A Queen’s University Belfast study has found a link between poor oral health and increased risk of liver cancer. Reporting in the paper, “The Association Between Self-Reported Poor Oral Health and Gastrointestinal Cancer Risk in the UK Biobank: A Large Prospective Cohort Study,” published in the United European Gastroenterology Journal, researchers note poor oral health is associated with a 75% increased risk of hepatocellular carcinoma—the most common form of liver cancer.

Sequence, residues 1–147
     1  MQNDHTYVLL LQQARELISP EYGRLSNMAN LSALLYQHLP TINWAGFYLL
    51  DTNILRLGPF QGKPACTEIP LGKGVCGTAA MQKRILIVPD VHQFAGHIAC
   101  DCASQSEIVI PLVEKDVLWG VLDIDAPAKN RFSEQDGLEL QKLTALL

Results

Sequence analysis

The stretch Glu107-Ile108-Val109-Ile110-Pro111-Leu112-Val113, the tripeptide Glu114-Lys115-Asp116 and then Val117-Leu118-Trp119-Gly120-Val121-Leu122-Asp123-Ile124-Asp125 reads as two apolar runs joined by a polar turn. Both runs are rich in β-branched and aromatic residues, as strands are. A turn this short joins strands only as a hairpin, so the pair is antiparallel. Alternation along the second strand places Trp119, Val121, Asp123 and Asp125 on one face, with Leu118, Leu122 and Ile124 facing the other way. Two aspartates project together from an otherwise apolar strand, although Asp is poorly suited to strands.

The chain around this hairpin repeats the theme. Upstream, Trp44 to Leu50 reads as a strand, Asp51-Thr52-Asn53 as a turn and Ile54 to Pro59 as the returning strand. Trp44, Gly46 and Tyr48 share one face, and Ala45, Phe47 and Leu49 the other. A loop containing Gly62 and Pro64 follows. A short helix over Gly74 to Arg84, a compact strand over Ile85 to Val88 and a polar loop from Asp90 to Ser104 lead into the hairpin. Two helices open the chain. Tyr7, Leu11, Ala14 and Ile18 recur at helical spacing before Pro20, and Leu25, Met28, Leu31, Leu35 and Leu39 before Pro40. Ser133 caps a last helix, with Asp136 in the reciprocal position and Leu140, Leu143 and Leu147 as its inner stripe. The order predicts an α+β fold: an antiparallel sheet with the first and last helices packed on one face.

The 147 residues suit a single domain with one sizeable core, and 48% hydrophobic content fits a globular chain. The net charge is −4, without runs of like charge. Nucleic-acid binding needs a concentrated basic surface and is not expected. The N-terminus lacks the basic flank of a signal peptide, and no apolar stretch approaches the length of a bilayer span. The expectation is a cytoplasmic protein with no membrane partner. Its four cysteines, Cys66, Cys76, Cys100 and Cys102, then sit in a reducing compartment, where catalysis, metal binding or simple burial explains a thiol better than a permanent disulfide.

Of the 469,628 participants in the United Kingdom study, 4,069 developed gastrointestinal cancer during the (average) 6-year follow-up. In 13% of these cases, patients reported poor oral health. The team examined the association between oral health and risk of gastrointestinal cancers, including liver, colon, rectal, and pancreatic cancer. Mathematical models were applied to estimate the relationship between cancer risk and self-reported oral health conditions, which included painful or bleeding gingiva, oral ulcers, and loose teeth.